An earlier posting on a pair of hornbills of different species, both females, prospecting for a nesting site, has raised the question of homosexuality among birds. But how aware are local birders of such behaviour among our feathered friends? Not much, I am afraid. But homosexuality among birds is a common phenomenon.
Thanks to Lin Yangchen who made an online search and alerted us of the presence of such literature, I have managed to read a few of such reports.
Many species of birds lack sexual dimorphism. Thus we cannot differentiate the male from the female. During courtship and any subsequent mating, there is no way to tell whether the two birds are of the same or different sex. However, among birds showing sexual dimorphism, same sex courtship and mating can be obvious.
People have always been aware of homosexuality in captive birds, especially parrots. Such behaviour here can be due to the circumstances of confinement and may not be normal. However, there have been accounts of homosexuality among wild birds.
A pair of male Orange-fronted Parakeets (Aratinga canicularis) was observed to indulge in courtship behaviour in the wild. Ultimately one bird attempted to mount the other. Both birds were collected for scientific examination and found to be adult males.
Homosexual copulation has also been recorded in feral populations of Rock Pigeon (Columba livia) (left), Cattle Egret (Bubulcus ibis) and Common Murre (Uria aalge). Although no cloacal contacts were mentioned in these cases, it was specifically observed in the case of Tree Swallow (Tachycineta bicolor).
Th% above are instances of homosexuality between birds of the same species. Homosexuality between birds of different species has also been reported. Among Canada Geese (Brania canadensis), unisexual pairings of both males and females are common. What is uncommon was the instance of pairing between a male Giant Canadian Goose (B. canadensis maxima) and a male Snow Goose (Chen hyperborean). As both these birdskwere tagged and their sex had been determined earlier during handling, there was no question that they were a homosexual pair. The former assumed the female role, followed the Snow Goose everywhere and roosted close to him at night. However, there was no attempt at mating or nest building.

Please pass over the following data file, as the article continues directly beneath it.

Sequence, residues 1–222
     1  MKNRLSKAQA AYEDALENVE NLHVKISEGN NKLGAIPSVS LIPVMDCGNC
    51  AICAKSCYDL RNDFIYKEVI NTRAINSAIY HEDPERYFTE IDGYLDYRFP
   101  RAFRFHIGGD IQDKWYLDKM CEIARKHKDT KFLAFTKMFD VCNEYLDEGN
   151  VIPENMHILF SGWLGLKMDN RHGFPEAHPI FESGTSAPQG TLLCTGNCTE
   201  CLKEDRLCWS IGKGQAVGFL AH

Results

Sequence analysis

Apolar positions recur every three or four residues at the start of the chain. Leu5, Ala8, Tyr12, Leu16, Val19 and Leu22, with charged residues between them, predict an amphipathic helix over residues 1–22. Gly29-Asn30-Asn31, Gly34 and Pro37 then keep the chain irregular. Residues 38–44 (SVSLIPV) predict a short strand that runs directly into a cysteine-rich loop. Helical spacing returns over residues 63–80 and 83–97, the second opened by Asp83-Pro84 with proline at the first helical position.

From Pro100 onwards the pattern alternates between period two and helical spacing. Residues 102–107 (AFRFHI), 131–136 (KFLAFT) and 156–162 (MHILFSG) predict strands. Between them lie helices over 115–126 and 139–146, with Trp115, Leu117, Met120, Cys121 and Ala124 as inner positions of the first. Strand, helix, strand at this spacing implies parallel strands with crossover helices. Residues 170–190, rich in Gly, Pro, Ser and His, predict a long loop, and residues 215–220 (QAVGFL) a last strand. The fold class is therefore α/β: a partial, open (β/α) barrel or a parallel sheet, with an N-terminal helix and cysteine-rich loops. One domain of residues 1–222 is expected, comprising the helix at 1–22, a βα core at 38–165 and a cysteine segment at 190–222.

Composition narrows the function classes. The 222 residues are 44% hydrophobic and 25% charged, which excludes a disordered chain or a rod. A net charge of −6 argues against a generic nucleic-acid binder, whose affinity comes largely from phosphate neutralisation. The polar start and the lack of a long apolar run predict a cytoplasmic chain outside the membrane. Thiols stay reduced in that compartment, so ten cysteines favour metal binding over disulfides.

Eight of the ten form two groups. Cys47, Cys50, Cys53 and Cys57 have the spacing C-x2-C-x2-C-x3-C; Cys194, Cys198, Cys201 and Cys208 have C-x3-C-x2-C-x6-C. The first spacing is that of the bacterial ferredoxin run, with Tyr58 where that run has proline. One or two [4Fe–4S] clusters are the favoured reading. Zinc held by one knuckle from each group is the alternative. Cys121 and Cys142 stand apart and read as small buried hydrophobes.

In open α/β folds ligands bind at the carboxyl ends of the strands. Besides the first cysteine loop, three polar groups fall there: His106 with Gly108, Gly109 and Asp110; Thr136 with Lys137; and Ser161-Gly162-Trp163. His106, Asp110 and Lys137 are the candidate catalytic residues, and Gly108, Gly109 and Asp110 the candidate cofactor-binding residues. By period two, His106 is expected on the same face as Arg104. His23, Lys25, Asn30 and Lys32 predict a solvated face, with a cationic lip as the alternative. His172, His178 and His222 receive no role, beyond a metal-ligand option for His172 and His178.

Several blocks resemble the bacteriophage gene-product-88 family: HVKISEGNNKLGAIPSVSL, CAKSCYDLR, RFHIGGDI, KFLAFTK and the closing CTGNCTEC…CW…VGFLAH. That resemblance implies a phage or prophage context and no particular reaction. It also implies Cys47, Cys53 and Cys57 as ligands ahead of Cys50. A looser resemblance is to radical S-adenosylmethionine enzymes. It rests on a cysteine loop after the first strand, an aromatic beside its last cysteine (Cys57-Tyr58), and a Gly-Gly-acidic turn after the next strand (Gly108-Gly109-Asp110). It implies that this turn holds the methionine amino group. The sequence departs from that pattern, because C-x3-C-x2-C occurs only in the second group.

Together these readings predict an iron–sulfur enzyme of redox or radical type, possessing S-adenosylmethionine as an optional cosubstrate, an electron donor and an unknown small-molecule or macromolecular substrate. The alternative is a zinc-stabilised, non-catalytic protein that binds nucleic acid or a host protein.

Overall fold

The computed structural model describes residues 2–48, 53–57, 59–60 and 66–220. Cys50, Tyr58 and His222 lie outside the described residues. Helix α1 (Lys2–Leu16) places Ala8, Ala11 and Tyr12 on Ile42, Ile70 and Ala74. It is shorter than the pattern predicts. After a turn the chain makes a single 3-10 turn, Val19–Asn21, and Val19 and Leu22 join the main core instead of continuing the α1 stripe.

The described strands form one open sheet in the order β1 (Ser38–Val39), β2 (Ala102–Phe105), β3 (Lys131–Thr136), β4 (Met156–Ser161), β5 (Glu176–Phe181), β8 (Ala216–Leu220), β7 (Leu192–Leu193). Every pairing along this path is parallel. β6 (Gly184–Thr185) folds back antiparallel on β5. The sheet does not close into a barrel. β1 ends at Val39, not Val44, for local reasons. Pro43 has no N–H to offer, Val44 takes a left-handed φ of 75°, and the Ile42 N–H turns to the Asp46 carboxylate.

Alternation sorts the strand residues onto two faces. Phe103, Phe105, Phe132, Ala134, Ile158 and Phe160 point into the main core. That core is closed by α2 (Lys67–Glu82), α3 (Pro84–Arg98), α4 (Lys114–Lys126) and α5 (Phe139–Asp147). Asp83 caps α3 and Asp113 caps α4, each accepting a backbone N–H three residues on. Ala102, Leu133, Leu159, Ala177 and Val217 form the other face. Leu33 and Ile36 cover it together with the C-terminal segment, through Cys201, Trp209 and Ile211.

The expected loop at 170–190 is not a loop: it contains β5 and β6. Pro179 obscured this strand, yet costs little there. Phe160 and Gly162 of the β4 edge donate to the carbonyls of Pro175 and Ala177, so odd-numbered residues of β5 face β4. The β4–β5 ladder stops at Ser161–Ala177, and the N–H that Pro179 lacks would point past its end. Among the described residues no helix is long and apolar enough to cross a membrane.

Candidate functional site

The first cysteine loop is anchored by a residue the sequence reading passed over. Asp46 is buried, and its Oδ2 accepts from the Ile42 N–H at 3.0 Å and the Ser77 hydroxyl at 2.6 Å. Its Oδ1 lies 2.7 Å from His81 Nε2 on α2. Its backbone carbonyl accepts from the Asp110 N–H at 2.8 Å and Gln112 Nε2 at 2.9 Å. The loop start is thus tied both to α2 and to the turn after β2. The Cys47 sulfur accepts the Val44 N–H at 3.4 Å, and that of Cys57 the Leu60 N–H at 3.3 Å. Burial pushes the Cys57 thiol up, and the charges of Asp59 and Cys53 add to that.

Another case of interspecific homosexuality was between a Brown-headed Cowbird (Molothrus ater) and a House Sparrow (Passer domesticus) (right). The male sparrow mounted a male cowbird, grabbed its head feathers and attempted copulation. This was repeated twice before the former flew to a nearby fence. The cowbird flew to join the sparrow and nudged the latter until it mounted it a few more times. This behaviour continued for 5-8 minutes.
So, our Great Hornbill pairing with a Rhinoceros Hornbill and checking nesting cavities around Eng Neo is not all that strange after all.
Comment by R. Subaraj: Homosexuality – But then again, maybe it is still strange as most of the other cases mentioned involved males, not females.
Brackbill, H (1941). Possible homosexual mating of the Rock Dove. Auk 58:581.
Buchanan OM (1965). Homosexual behavior in wild Orange-fronted Parakeets. Condor 68:399-400.
Griffin, DN (1959) Apparent homosexual behavior between Brown-headed Cowbird and House Sparrow. Auk 76:238-239.
Lombardo, MP, Bosman, RM, Faro, CA, Houtteman, SG & Kluisza, TS (1994). Homosexual copulation by male Tree Swallows. Wilson Bull. 106:555-557.
Starkey, EE (1972). A case of interspecific homosexuality in geese. Auk 89:456-457.